1 Answer 1


In my opinion, one of the biggest problems facing Math SE right now is the proliferation of nearly identical questions which are essentially the same problem, asked over and over again, but with different numerical values. One way to help alleviate this problem is for folk to write general questions which give "canonical" answers to those questions—indeed, every question which I have posted on Math SE has been in order to address commonly duplicated questions. Thus, in general, I am in favor of posting questions which generalize, and which can serve as duplication targets for, other questions.

That being said, if you are posting such a generalization, please ensure that it really is a generalization, and that it could (potentially) answer a larger range of potential questions (or, indeed, your generalization could immediately serve as a dupe-target for more than one already extant post). On the other hand, if your new answer is only a minor generalization, or if you can't see it addressing a larger range of questions in the future, please consider posting that answer in reply to the question which you are seeking to generalize.

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    $\begingroup$ I think many of our existing canonical questions (aka abstract duplicates) were created by taking an existing Question and supplying a generalized Answer. It's been my practice to lightly edit the body of the Question as necessary to highlight the fact it has been so adapted. $\endgroup$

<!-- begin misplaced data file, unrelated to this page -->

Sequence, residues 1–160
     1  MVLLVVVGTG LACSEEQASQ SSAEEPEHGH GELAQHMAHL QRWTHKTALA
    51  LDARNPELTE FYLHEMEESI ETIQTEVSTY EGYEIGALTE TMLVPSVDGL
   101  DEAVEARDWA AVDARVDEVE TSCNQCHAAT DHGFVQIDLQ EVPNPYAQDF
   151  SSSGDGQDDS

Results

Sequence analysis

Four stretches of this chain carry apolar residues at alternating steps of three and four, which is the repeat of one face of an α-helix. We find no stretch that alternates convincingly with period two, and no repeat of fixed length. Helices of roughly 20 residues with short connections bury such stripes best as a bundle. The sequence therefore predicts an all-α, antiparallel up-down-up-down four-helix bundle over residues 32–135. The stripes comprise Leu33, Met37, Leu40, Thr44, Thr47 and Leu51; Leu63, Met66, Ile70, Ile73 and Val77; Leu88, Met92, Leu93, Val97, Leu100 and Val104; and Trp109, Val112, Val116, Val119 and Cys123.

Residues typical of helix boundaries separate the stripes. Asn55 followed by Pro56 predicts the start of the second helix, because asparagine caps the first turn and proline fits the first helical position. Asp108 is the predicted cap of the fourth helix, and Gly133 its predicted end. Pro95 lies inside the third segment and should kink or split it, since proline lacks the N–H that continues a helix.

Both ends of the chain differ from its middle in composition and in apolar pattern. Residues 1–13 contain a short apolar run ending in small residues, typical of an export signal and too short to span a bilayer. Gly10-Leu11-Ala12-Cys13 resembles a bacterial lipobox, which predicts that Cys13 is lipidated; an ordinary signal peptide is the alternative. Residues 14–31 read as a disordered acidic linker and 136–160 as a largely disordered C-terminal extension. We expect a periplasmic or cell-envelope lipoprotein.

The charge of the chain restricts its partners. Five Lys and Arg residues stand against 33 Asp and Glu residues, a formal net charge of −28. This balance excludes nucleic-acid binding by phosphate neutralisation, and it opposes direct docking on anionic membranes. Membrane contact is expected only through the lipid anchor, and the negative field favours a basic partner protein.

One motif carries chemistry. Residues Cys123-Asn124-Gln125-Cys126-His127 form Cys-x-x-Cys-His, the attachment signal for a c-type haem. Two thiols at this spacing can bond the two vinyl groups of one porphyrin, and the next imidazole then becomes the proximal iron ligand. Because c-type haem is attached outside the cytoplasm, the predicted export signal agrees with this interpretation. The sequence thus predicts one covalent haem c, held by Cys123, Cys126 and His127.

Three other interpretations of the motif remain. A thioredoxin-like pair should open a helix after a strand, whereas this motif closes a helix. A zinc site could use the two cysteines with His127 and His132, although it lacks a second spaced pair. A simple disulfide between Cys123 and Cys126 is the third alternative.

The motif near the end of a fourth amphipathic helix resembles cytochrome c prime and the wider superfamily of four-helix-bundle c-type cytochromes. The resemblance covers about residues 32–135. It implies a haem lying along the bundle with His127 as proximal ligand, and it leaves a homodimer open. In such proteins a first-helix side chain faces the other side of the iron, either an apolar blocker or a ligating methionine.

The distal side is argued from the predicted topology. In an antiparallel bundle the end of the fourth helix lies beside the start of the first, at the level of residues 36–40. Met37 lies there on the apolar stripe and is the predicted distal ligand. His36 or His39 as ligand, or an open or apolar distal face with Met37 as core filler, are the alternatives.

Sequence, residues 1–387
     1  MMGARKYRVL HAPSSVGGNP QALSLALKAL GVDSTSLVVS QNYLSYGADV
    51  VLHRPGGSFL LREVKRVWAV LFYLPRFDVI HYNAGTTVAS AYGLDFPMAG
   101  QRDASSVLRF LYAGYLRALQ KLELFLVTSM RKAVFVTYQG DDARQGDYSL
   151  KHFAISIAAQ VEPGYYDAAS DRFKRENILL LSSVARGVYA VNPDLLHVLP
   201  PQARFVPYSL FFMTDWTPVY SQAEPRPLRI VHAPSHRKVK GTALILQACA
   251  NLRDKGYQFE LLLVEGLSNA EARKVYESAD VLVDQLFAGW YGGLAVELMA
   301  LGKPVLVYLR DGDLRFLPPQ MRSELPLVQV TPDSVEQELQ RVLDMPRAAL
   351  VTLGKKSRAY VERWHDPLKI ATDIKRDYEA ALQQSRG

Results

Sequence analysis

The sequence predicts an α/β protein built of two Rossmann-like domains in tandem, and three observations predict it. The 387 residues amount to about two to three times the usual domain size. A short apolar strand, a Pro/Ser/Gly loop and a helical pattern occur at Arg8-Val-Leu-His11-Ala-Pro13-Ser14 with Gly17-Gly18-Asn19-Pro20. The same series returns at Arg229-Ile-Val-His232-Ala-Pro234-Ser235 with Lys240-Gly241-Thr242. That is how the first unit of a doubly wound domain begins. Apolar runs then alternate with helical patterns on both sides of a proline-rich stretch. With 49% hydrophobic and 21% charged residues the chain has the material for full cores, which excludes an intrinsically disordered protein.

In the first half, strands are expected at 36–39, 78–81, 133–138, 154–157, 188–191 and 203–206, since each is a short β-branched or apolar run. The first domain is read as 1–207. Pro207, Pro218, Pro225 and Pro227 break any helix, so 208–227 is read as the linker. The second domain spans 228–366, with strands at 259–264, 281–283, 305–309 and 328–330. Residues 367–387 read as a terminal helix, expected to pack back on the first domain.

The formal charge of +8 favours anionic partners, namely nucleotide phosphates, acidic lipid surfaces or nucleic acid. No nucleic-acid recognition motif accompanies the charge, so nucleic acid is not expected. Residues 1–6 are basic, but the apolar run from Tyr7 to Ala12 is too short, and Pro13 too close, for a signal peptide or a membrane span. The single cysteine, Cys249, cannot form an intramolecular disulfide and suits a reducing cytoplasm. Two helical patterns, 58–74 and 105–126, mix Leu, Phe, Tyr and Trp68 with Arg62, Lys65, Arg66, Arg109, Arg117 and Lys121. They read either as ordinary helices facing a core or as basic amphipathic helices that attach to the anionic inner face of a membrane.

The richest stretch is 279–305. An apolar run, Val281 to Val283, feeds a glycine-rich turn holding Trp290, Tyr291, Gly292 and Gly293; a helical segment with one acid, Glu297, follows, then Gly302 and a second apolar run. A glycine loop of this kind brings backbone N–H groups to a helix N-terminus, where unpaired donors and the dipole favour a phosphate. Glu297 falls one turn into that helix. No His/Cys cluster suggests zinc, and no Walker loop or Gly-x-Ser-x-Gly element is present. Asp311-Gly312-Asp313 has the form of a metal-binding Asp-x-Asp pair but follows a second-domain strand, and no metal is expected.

– hardmath
    Commented Feb 8, 2021 at 18:50
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    $\begingroup$ @hardmath That is another strategy, so long as it falls within the Guidelines for Context Editing and Rewrites. Personally, I think that I would prefer to see a new question asked-and-answered, and some flags for dupllicates. $\endgroup$
    – Xander Henderson Mod
    Commented Feb 8, 2021 at 19:35
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    $\begingroup$ It may be convenient to have a tag to identify such generalized answers (created on purpose or not), and to present them first in lookups for duplicates in review. Generally speaking, we have ways to identify branches of mathematics and fine-grained subjects, but not much for the quality of questions (upvotes are hardly usable for this purpose), or the 'level' (as in approximate years of curriculum). On the long run, I fell there is too much material and to few ways to filter. $\endgroup$ Commented Feb 9, 2021 at 12:13
  • $\begingroup$ @Jean-ClaudeArbaut I think that is a reasonable a idea, and worth some discussion. This isn't really the right place for it---we have a meta thread for tagging. I have copied your comment to the tagging chatroom, where we might be able to discuss this in a more on-topic forum. $\endgroup$
    – Xander Henderson Mod
    Commented Feb 9, 2021 at 12:15